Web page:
Russian gas cut ticking time bomb, not immediate threat
Moscow - AFP
Russia's decision to cut gas supplies to Ukraine carries few immediate risks for European consumers, analysts say, with plenty of gas already in storage and little demand during summer.
After two previous cut-offs, Europe has been seeking to diversify its energy sources and Kiev is already turning to Brussels for help with supplying gas.
But analysts warn that could change when reserves start to run low amid the winter chill, forcing Europe to look for alternative energy sources and threatening Ukraine's fragile economy.
- What is the immediate impact for Europe?-
Russia's state energy giant Gazprom says it will continue to supply Europe with gas via Ukraine's pipeline system.
About 15 percent of gas consumed in Europe is pumped by Russia through its conflict-torn neighbour.
Some in Brussels fear Ukraine may start to siphon off supplies destined for Europe when the bitter cold of winter starts to bite, as it did when Russia turned off the tap in 2006 and 2009.
EU Energy Commissioner Guenther Oettinger has warned that Europe "would have a problem with a cold winter".
Volodymyr Omelchenko, an analyst with the Razumkov Centre in Kiev, pointed out that "Ukraine cannot guarantee transit long-term without guarantees of its own domestic supply".
"Russia went ahead with this knowing that shutting off gas to Ukraine will eventually lead to disruption of transit to European countries," he added.
Bank of America Merril Lynch analysts say there is little risk of that happening in the short-term as Ukraine currently has ample supplies of around 13 billion cubic metres of gas in storage.
Moritz Bonn, an analyst with the Centre for European Policy, also points out that both Europe and Ukraine need little gas for heating during the northern hemisphere summer.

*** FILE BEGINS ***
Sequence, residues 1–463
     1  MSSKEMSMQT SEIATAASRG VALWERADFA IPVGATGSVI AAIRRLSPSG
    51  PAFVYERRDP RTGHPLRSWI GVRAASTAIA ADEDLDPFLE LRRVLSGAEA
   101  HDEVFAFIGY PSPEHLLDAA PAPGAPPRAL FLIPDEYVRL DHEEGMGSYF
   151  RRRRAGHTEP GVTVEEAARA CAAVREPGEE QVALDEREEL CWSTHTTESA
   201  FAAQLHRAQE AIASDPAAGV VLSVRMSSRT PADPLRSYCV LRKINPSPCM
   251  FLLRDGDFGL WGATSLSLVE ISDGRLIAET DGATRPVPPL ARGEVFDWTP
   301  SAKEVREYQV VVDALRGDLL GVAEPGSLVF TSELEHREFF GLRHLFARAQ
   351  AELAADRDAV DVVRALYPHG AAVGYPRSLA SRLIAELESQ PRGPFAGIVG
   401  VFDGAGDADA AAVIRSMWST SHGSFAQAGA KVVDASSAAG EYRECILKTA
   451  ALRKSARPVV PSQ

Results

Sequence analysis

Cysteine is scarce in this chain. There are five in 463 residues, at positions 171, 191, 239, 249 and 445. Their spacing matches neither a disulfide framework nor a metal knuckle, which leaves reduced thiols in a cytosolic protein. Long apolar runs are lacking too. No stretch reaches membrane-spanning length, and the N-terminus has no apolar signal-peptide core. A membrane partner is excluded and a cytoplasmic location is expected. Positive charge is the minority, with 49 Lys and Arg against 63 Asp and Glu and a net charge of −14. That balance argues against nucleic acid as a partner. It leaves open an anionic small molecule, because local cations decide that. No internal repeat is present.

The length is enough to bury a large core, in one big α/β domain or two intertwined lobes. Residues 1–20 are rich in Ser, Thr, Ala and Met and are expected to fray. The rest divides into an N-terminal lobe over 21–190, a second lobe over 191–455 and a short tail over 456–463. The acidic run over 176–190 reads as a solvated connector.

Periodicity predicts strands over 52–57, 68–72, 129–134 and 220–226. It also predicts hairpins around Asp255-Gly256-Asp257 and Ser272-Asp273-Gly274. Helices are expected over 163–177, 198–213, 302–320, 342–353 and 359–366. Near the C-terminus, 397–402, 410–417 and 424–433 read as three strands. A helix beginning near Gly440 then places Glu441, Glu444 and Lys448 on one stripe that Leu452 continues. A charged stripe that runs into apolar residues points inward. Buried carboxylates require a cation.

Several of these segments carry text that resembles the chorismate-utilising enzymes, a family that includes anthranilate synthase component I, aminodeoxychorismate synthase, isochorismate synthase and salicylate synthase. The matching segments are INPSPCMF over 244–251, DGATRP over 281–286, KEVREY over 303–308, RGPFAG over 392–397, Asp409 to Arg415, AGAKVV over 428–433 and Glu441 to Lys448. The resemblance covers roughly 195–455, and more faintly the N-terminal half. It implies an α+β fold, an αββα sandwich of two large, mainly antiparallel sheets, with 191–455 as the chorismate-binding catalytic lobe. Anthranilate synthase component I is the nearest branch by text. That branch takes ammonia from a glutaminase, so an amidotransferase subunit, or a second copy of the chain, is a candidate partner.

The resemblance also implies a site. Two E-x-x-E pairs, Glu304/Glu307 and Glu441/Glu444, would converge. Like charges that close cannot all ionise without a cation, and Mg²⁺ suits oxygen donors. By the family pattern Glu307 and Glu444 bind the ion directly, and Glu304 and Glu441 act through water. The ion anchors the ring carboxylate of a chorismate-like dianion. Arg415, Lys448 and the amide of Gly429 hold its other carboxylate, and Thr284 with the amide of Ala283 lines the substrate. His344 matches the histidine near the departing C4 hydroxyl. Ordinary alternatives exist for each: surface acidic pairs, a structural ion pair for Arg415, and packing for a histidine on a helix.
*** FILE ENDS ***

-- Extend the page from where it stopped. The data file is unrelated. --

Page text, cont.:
"The situation is very different from 2009 due to the season," he said.
The EU has reduced its dependance on Russian gas flowing via Ukraine since the last dispute, though some countries such as Slovakia and Bulgaria remain heavily reliant on those supplies, Bonn added.
- How long will the conflict last?-
Despite calls from Brussels to continue talks, Kiev and Moscow have dug in their heels and filed opposing lawsuits in the Stockholm arbitration court that could lead to years of litigation.
Analysts say the two are unlikely to reach an agreement on politics -- or gas -- while violence continues to rage in eastern Ukraine.
"It's summer and the issue of gas is not critical so (Ukraine) will attempt to resist," said Nikolai Petrov, an analyst with the Higher School of Economics in Moscow.
"The Kremlin has no interest in solving the Ukrainian crisis, rather it is searching for ways to exacerbate the problems of the Ukrainian authorities."
- What are the risks for Ukraine?-
Ukraine is already scrambling to find alternatives before its reserves run short, including a so-called "reverse flow" from European countries that buy gas from Russia.
Gazprom has branded the practice illegal, and on Monday the gas giant threatened to reduce exports to any countries that agreed to it.
The EU disagreed, and on Tuesday Brussels said it is looking at "possibilities" for supplying Kiev.
Many European utilities have so far remained quiet on the issue, refusing to complicate their relations with Russia.
But even a deal with Europe would not be enough for Kiev. Ukraine needs 50 billion of cubic metres of gas annually, 30 billion of which comes fromRussia.
At the moment, reverse flow shipments are "insufficient to provide Ukraine with gas," said Ukrainian Prime Minister Arseniy Yatsenyuk.
Capital Economics analysts pointed out that Gazprom's decision "adds to the forces pulling Ukraine's fragile economy into an ever-deepening recession"
- How will it impact EU-Russia gas relations?-
While the gas cut-off clearly poses a threat to Ukraine and Europe, energy giant Russia could also be hurt in the long-term.
Since Moscow turned off gas exports in 2006, the EU has made efforts to diversify its energy reliance on Moscow, said Bonn of the Centre for European Policy.
Gazprom, meanwhile, remains heavily reliant on Europe, with an estimated 60 percent of revenues coming from EU buyers.
"While there would be few winners from another 'gas war' between Russia and Ukraine, Russia has more to lose than many assume," Capital Economics said.
The bloc has also moved to suspend construction of Kremlin-backed South Stream pipeline, which would connect Russia with southern Europe via the Black Sea.
Moscow-based analyst with Sberbank Investment Research Valery Nesterov argued that "gas friendship between Europe and Russia is inevitable for the next 10-15 years, although it is done out of necessity".
"Europe won't be able to reduce gas dependance on Russia before then."
The issue will be discussed during an EU summit on June 26-27.